All mamas have felt it: the 4pm dread.
After a long day of distance learning, errand running and sibling-squabble refereeing, having to initiate another meal-making process can feel overwhelming. Worst of all, if dinner has not yet been planned, mama can feel defeated. Deciding what to make and then actually pulling out the ingredients, washing, chopping, cleaning, serving, and then registering complaints from picky people? On a bad day, the task of choosing and making dinner can be the final straw for mom’s sanity.
In an ideal world, we would have planned tonight’s dinner a week ago. But the real world is full of scheduling wrenches that rob us of realizing our best intentions: a dentist appointment that’s gone late, an extended phone call with a suffering relative, a plumbing disaster.
That’s why I keep a few staples in my pantry at all times, so that when our schedule goes to heck—we don’t have to declare a PB&J night again. (Not that anything’s wrong with that!) These recipes are simple enough to be made while you’re asleep. (Although I wouldn’t advise that for safety reasons.) When you need to throw together a quick, nutritious meal for your people, here are three of our go-to’s.
Soups are pretty hard to mess up. Sautee chopped onion and garlic in some olive oil over medium heat until caramelized. Add carrots and celery. (Or don’t.) Add salt, pepper, oregano. Add veggie or chicken broth. Then add any combination of canned tomatoes, kidney beans, chopped zucchini, frozen corn, chopped potatoes, a small bit of elbow noodles. Allow to simmer while you pull a frozen loaf of French bread from the freezer and pop into the oven. Coscto, Walmart or the local grocery store always have freshly baked baguettes. They are worth keeping in the freezer for soup nights. Those crusty treasures always taste freshly baked if you reheat them in the oven for 10-15 minutes. If you prefer more explicit minestrone recipe instructions, here are two of our favorite minestrone recipes: Ellie Kreiger, Cookie and Kate
Chickpea Curry + white rice + roasted broccoli
The Pioneer Woman’s chickpea curry recipe has been on repeat in our home for several years. Tasty, filling, satisfying. This meal creates a few more dirty dishes than minestrone, but it’s worth it. Here is our favorite roasted broccoli method. (I omit the lemon, basil and pine nuts and it’s still delish!) Prepare white rice however you like. Even better if you already have some left over in the fridge.
This meal is simple, and my kids love it because they have more control over what exactly they put on their plates. The dinner table looks like several bowls of various toppings: rice, beans, corn, shredded cheese, (whatever fresh produce you have laying around) lettuce, tomato, avocado, onion, cilantro. The key to this meal is delicious beans. Here’s how you make those: in a saucepot, sauté ½ chopped yellow onion and three cloves of garlic in olive oil until caramelized. Add salt, pepper, cumin, oregano. Open two cans of black beans and dump the entire cans into the pot without straining. (Trust me.) Let the beans simmer while you prep all other items.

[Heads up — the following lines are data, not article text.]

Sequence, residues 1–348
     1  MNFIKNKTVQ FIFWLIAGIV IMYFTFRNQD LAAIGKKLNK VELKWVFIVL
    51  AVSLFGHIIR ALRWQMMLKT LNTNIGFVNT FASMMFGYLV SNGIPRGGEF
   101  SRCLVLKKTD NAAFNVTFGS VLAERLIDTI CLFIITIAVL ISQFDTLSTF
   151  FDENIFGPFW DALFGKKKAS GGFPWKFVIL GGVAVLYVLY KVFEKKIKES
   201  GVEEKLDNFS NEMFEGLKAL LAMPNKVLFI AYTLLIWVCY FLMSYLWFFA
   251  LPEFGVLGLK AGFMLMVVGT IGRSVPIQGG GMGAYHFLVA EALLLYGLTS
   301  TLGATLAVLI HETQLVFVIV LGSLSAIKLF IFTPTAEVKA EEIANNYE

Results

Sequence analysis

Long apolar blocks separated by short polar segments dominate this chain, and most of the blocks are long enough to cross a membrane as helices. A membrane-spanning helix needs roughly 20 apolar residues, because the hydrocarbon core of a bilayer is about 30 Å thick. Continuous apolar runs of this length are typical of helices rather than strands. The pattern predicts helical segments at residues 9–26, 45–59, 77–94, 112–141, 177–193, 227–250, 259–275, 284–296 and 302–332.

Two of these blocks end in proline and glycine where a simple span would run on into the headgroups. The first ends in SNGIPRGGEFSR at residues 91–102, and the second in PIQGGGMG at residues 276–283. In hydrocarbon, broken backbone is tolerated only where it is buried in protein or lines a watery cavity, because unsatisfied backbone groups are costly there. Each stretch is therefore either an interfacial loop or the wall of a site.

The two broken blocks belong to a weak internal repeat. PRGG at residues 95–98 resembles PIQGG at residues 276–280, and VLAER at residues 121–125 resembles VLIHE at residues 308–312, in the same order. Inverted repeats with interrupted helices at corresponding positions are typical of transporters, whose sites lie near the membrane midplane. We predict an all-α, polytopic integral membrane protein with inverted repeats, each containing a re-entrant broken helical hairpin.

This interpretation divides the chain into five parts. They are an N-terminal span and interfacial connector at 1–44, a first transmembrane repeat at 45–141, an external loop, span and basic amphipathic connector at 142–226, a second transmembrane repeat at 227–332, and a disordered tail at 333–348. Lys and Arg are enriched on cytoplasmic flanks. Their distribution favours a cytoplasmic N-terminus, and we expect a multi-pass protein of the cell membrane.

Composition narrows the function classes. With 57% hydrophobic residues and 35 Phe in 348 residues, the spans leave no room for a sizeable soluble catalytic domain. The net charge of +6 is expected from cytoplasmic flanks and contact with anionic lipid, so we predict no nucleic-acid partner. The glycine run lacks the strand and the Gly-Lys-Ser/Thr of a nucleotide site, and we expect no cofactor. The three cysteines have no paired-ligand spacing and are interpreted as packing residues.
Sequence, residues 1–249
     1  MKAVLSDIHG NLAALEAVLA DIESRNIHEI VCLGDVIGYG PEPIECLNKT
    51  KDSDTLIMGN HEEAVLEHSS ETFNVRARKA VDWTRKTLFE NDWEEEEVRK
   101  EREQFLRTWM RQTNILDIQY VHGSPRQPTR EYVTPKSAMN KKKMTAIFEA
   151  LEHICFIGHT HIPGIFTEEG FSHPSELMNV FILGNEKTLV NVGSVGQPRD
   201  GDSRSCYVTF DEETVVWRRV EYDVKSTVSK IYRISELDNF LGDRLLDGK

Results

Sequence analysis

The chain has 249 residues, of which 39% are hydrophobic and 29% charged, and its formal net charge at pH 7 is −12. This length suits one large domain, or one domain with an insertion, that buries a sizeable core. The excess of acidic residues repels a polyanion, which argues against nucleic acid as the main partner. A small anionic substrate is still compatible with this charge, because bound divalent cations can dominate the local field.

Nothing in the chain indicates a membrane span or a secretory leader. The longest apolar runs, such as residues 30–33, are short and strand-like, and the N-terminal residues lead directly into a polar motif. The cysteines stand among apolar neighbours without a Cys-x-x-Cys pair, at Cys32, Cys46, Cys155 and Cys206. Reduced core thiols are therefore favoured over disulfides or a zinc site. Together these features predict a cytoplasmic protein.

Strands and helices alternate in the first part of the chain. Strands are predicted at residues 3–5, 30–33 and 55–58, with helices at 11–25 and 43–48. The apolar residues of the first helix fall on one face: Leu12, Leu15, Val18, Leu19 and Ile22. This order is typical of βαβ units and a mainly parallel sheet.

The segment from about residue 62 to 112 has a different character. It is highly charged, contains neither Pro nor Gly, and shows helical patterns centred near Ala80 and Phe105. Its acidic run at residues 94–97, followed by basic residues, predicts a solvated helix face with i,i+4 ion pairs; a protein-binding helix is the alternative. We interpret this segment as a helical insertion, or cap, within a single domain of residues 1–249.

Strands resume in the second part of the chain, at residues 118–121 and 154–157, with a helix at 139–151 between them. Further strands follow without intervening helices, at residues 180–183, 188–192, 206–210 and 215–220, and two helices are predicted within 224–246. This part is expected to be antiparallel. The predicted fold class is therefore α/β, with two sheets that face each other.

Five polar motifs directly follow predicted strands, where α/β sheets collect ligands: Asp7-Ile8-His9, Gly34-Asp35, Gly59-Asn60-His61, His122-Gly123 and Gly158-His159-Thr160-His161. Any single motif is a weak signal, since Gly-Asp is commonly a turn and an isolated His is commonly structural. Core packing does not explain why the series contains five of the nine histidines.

One more tip to simplify your life around the dinner table: paper plates. The healing properties of paper plates cannot be overstated. Do yourself a favor and grab a bulk package. Not the flimsy ones, but the kind that can hold a burly lumberjack’s serving of rice and beans. (To allay your environmental concerns, did you know paper plates are compostable?)
And one final idea for simplifying dinner time—train those kids to handle dish duty. This is not a favor for mom, this is part of their responsibility as a member of the household. Our three oldest kids do the dishes every night. They are 10, 9 and 7. They work together until the job is complete. They’ve been handling dinner dish duty for about a year. It has not been seamless or perfect, but they’ve been improving and growing. After dinner, my husband and I often retreat to our bedroom to have our own uninterrupted conversation for the 25 minutes it takes for the kids to complete their job. They listen to music and learn about cooperating and completing a shared task.
What are your go-to dinner plans when you’re at the end of your mom-rope and can’t tackle a complicated new recipe? Share your favorite pantry-based meals below.
Molly DeFrank is a mom and foster mom to five kids under ten. She writes about faith and motherhood—the hilarious and the hard; the fun and the maddening; the beauty and the blunders. She loves to share encouragement and laughter with women just like her. You can find her on Facebook, Instagram, or her website, www.mollydefrank.com.